A number of major improvement projects are under way on the Henderson State University campus ranging from facility upgrades to landscaping enhancements.
Renovations have begun inside the Garrison Student Activities Center. The improvements will bring two new popular restaurants to the campus, along with a fresh new look for the Reddie Bookstore. The hallways on both levels of the two-story facility will be modernized with new flooring and paint, and the Day Gym will be transformed into a modern conference center.
The south end of the Garrison Center is being prepared to accommodate a new full-service Chik-Fil-A and Starbucks. A “Grillworks” will offer other fast food options such as burgers and Philly sandwiches. Starbucks and Grillworks are scheduled to be open by Aug. 5. Chick-Fil-A will open on Sept. 20.
In all, 3,200 square feet is being renovated for the restaurants, said Bobby Jones, vice president for finance and administration. The interiors will follow a master color scheme to match other areas of the Garrison Center.
The Reddie Bookstore is undergoing a complete interior makeover and will feature an open ceiling and a new floor plan. Text books will be kept in a separate room which opens up additional space on the sales floor to accommodate health and beauty supplies, grocery items and a larger selection of clothing. An electronics section offering cell phone and other electronics repairs is planned.
The paint scheme will follow the Garrison Center master plan. The bookstore project is expected to be completed by Aug. 1.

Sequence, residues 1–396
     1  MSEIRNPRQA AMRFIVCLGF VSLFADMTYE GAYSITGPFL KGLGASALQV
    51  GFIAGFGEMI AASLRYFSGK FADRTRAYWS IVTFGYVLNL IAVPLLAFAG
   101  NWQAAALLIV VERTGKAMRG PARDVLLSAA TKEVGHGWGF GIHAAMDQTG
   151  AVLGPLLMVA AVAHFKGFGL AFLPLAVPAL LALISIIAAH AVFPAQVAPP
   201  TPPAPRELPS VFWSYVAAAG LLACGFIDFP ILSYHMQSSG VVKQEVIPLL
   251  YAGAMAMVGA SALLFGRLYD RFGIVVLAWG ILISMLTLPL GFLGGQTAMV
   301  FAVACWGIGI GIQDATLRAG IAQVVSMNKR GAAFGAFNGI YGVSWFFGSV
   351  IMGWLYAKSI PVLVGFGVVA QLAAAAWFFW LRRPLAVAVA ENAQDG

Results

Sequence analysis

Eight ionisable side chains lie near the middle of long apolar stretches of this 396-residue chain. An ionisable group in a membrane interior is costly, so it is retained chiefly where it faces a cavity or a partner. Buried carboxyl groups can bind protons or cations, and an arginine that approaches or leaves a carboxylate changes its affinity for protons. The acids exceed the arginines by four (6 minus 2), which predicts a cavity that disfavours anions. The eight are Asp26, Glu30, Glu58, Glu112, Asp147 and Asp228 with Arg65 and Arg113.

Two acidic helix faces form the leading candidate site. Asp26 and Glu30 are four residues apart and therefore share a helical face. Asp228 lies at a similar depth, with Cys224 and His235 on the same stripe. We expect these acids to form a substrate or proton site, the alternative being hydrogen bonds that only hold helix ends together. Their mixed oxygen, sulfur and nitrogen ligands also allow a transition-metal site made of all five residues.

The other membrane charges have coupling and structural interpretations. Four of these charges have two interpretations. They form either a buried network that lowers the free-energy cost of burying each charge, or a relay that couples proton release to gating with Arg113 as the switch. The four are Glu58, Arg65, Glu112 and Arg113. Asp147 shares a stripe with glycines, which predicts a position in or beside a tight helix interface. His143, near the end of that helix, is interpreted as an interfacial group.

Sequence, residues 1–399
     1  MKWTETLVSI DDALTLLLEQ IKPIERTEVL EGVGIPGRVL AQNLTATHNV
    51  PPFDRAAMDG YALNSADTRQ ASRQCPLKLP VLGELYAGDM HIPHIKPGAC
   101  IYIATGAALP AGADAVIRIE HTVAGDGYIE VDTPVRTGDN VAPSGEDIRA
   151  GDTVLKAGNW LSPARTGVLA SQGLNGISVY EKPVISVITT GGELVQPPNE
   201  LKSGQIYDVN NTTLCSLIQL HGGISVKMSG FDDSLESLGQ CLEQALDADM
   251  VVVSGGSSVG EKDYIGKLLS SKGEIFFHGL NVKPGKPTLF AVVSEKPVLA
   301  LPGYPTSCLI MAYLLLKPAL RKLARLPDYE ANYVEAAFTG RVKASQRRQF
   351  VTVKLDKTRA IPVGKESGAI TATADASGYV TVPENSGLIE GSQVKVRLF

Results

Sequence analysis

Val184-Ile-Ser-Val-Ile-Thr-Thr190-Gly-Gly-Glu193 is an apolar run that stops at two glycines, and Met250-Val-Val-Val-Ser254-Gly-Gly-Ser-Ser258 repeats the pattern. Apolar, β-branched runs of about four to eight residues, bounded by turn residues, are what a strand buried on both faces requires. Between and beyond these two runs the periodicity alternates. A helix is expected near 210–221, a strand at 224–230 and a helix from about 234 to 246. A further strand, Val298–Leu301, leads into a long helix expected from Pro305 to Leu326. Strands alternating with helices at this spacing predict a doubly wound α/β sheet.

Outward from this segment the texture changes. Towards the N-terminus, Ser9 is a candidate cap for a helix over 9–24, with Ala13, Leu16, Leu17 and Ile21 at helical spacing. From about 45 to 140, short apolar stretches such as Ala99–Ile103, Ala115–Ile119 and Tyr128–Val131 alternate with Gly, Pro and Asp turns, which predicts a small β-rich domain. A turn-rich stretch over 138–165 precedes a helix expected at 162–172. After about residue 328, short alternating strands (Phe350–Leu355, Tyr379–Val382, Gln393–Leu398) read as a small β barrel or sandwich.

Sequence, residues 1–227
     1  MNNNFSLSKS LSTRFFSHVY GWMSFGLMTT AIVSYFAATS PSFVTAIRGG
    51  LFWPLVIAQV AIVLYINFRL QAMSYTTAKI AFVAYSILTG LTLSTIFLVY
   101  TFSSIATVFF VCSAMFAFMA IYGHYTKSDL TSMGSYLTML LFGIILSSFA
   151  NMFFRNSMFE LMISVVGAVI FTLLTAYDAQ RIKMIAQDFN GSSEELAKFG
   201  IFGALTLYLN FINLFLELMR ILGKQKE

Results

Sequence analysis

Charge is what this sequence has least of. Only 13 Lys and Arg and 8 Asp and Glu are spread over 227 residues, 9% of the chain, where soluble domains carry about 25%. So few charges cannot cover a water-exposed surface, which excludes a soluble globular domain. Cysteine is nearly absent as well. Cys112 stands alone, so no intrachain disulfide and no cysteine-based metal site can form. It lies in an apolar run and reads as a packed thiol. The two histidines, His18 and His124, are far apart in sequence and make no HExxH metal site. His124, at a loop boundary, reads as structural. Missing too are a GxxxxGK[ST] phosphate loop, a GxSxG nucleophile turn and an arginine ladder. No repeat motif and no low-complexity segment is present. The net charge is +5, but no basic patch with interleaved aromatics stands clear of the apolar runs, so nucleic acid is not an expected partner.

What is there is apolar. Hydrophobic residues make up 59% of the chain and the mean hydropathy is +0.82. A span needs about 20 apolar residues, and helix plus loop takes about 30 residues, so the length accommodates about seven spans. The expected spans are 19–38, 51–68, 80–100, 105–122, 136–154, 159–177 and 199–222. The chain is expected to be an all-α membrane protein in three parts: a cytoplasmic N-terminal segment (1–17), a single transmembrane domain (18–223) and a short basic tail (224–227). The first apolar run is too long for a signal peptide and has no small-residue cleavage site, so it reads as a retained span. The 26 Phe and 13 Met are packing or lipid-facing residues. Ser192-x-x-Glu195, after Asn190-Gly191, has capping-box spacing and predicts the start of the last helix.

Garrison Center entry areas, corridors and seating areas will all see new paint to match the master scheme, and some remodeling will take place.
The conversion of the Day Gym to a large conference center will be the major component of the renovation project. It will provide significantly more space than the current banquet room on the second floor. Plans call for a complete makeover of the gym.
The room that once housed the faculty/staff exercise room will be converted to the Student Leadership Center and will house the offices of associate dean of students and coordinator of Greek Life/Multicultural and Diversity Activities. Cubicles will also be available for student organizations.
New and improved lighting and sound for the lecture hall is also in the works.
While work has already started on the new restaurants and the bookstore, the other Garrison Center improvements are expected to begin late this year after general improvement funds are received from the state, according to Jones.
“The biggest part of the project will be the renovation of the Day Gym,” Jones said. He doesn’t anticipate any down time for students using the Garrison Center, but there could be some areas closed off at various times.
Originally constructed in 1958 and named the Jonathan H. Lookadoo Student Union, the facility was renovated and combined with the Day Armory in the early 1990s and renamed the Garrison Activity and Conference Center.
Changes on campus are also occurring outdoors as a major landscaping effort gets under way. The most noticeable project will include the South Lawn. Three trees which have been identified as dead or dying will be cut down, according to Jones. Some areas will be tilled and fertilized and an irrigation system will be expanded across the South Lawn.